Prohibited Items That Can Derail Your Customers’ Move to Mexico 

After over 60 years in international moves, we know that there’s nothing that can disrupt a relocation faster than finding prohibited materials in a shipment of household goods. Not only does it mean delays and possible fines, but it can also erode trust with international partners and officials, making future relocations potentially problematic. 

Keeping up with the incredibly specific regulations set forth by all the countries of the world is a challenge, no question. However, if you have customers relocating to Mexico soon, we want to make it a little easier for you to move them south of the border. 

We’ve been working with our established partners in Mexico to assist in relocations, and we’ve put together a list of the common and not-so-common items your customers should leave out of their household goods shipments. By helping your customers stay compliant with Mexico’s import laws, you’ll help them create a smooth move to Mexico—and avoid the delays, fines and other consequences of importing restricted items. 

Commonly Prohibited Items That Carry Severe Consequences 

As you might expect, Mexico has a list of commonly restricted items that are prohibited from entering the country, including two that can cause significant problems under Mexican law: 

  1. Firearms – Mexico is very serious about penalties for unpermitted weapons. Entering Mexico with a firearm or a single round of ammunition without a permit could result in up to five years in prisoni—even if the import is unintentional, such as a stray bullet that somehow made its way into a moving box.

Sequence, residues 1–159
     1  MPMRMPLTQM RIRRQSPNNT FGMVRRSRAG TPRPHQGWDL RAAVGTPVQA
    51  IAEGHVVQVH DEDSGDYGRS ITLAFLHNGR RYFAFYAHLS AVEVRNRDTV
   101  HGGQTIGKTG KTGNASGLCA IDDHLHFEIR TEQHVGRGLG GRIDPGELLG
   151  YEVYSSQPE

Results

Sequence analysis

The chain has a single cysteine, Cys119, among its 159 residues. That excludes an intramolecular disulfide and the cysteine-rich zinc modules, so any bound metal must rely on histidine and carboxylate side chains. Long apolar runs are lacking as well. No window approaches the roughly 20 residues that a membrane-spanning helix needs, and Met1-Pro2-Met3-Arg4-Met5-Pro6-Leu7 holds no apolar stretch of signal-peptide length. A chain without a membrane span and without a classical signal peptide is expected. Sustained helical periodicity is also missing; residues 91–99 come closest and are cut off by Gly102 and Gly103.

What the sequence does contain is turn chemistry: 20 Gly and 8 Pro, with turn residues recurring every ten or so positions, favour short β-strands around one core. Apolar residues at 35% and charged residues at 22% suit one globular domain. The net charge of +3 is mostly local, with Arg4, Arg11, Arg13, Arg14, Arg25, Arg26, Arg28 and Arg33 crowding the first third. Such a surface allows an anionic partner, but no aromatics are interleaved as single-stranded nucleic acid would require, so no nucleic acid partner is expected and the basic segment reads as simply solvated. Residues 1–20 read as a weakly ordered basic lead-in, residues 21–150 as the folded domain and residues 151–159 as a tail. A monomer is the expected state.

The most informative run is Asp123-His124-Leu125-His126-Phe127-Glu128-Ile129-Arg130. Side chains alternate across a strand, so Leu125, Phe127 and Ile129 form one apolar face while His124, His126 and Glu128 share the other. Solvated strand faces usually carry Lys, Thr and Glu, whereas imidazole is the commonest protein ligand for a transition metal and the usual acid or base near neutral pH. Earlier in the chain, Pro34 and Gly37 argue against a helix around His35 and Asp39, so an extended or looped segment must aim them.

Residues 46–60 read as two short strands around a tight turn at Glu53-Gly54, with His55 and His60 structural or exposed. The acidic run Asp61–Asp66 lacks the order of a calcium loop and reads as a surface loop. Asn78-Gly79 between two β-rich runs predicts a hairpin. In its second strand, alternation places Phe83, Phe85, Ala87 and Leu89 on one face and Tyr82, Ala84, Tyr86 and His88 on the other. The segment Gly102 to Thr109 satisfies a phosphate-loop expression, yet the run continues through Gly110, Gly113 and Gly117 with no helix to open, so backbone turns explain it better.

2. Illegal Drugs – As with firearms, attempting to import illegal drugs into Mexico is a serious offense, punishable by prison, regardless of your legal status or citizenship. Mexico also has restrictions on prescription drugs and over-the-counter medications. We’ll discuss those in the next section.

In addition to firearms and illegal drugs, Mexico also prohibits the import of: 

  • Money and securities 
  • Pornographic items 
  • Explosives and other dangerous goods 

Including any of these items will interfere significantly with any household goods shipment. In addition to long delays in delivery, the shipper will also be responsible for fines and fees, in addition to serving any related prison sentences.  

In addition to these items, Mexico also has additional country-specific prohibitions that you and your customers will want to be aware of.  

Additional Items Prohibited from Import to Mexico

  

Although many of these items don’t carry the harsh consequences associated with the above list, packing these items in a household goods shipment may result in delays, fines and other issues at the border. 

If you have any questions, talk to your partner who’s assisting you with the move to get clarification before the container is stuffed. Preventing issues with prohibited items will help you create a simple and positive moving experience for your customers. 

First, let’s discuss two types of items that tend to create confusion with customers. Under customs law, you are prohibited from bringing in the following in your household goods shipment: 

  • New items purchased within six months – Under Article 90 of the Mexican Customs Law, the items in a household goods shipment must be used personal items and household furniture, including things like clothes, appliances, electronics, books, dishes, etc. Recently-purchased items, especially ones still in their boxes, will not qualify. In fact, your paperwork packet for Customs will need to include a signed letter, stating that the items in the shipment are used. 

If your customers do have new goods they wish to import, those will be subject to customs duties and must be imported separately.